Data tells a story. But the story is about people. As we move further and further into a world wherein data becomes the new platform, what intelligence will we build upon that platform?
We need to make certain that we are improving our businesses beyond just the beautiful way in which we render data, and the visual display of quantitative information. We need to move from structured through to unstructured. In healthcare, we should start with the simple. And by starting with the simple, we should start with people at the center. How can we, through the application of intelligence upon the data that we have, modify behavior, improve patient health and avoid lifestyle related outcomes that reduce our quality of life, and cost the healthcare system extraordinary amounts of money every year?
Globally, there are approximately 400 Million people with type 2 diabetes, or 6% of the worlds population. 1.4 million Americans are diagnosed each year. Type 2 diabetes costs the US healthcare ecosystem $245 billion every year. It costs the UK NHS £14 billion, or 10% of the NHS budget for England and Wales. Type 2 diabetes carries significant co-morbidity conditions that themselves are very costly to the healthcare ecosystem. With these co-morbidity, Type 2 diabetes carries a financial impact of £4,000/patient in UK, and $13,000/patient in the US.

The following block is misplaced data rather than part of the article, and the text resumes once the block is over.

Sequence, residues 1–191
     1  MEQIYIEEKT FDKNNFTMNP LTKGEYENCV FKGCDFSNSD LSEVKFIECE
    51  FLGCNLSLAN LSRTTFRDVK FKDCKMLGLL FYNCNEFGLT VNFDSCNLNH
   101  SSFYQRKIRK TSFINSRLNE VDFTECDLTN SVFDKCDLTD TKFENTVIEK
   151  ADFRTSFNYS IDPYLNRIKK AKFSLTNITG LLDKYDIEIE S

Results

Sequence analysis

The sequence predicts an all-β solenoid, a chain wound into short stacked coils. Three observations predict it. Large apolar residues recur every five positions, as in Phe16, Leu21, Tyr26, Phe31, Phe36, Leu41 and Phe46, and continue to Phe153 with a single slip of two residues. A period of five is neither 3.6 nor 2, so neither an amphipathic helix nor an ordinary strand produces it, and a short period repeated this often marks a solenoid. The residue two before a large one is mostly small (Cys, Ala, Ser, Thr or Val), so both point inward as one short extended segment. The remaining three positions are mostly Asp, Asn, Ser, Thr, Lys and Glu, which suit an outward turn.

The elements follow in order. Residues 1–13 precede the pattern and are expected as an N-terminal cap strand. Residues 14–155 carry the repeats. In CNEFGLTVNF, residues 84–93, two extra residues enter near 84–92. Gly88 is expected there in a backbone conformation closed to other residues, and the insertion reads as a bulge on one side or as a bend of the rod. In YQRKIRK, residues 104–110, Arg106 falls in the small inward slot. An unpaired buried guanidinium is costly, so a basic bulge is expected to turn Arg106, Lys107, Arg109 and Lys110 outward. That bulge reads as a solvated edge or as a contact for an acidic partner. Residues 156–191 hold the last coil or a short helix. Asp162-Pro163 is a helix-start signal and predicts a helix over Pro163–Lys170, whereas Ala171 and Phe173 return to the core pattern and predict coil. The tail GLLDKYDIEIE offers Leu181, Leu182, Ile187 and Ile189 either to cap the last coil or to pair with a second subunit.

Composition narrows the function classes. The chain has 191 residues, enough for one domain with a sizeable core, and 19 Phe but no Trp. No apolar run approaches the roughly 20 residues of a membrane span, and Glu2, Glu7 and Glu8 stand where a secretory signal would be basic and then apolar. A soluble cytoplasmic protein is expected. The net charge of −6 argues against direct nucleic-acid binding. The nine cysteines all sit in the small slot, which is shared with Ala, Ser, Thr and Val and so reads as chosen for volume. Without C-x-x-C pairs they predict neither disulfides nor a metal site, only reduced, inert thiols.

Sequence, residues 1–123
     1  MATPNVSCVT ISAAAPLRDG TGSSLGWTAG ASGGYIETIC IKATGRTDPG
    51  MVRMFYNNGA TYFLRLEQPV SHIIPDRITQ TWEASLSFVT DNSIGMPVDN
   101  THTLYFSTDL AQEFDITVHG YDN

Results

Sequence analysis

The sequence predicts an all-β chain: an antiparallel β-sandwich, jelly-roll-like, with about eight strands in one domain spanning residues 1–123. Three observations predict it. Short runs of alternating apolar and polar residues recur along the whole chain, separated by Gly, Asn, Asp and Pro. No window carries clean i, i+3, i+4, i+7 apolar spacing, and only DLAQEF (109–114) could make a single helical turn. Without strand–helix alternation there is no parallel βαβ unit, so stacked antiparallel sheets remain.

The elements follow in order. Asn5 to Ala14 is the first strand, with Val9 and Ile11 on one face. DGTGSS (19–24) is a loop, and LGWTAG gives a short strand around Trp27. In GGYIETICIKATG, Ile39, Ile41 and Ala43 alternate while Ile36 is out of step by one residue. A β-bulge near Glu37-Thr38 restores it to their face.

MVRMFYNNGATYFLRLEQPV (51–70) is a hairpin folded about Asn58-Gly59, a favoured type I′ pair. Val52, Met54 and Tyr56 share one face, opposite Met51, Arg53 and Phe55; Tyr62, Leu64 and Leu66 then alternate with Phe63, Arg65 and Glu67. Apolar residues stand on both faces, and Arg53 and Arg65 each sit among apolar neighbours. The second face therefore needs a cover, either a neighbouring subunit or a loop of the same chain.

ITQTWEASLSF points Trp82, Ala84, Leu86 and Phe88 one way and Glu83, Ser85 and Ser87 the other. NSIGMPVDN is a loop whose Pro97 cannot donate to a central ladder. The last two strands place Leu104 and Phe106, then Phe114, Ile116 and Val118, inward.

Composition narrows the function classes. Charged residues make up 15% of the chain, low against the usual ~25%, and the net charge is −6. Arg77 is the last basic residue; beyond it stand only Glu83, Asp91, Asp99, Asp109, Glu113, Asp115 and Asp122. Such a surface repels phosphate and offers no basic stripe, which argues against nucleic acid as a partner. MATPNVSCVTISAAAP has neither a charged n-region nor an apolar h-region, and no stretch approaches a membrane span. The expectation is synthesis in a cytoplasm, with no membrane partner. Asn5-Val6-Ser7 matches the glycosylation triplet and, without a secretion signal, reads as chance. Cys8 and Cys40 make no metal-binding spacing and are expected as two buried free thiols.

As care organizations endeavor to modify the behavior of the people whom they insure, they should start with what they know about them. Where do they live? What access do they have to healthy food choices? Are they in a network and an environment that is conducive to getting out and getting exercise? Will they track their weight, and make small changes in order to lose weight? Given what they know about them, and what they can learn from the information they have on them, algorithms can be applied against that data that allows coaching paths to become illuminated. There have been successes out there, wherein people reaching out to people can make a difference. This is something that can be tackled and considering the costs at stake here, wouldn't this be worth it? State-level Medicare, the CDC, the American Diabetes Association all have literature on how personal interventions make a difference.
But let's start by keeping it simple, considering what we have and know, and then we can consider digital interventions that put people at the center of what we are trying to accomplish. The data around each of us and our lives is only increasing, and as it does, we should consider using it to help drive people and populations towards healthier living.
Some executives had some big ideas for patient engagements – Bluetooth scales in everyone's home! a reconfigured discharge tool! – but it was more important to keep it simple while also thinking creatively, said Gaines. "Let your data tell your story."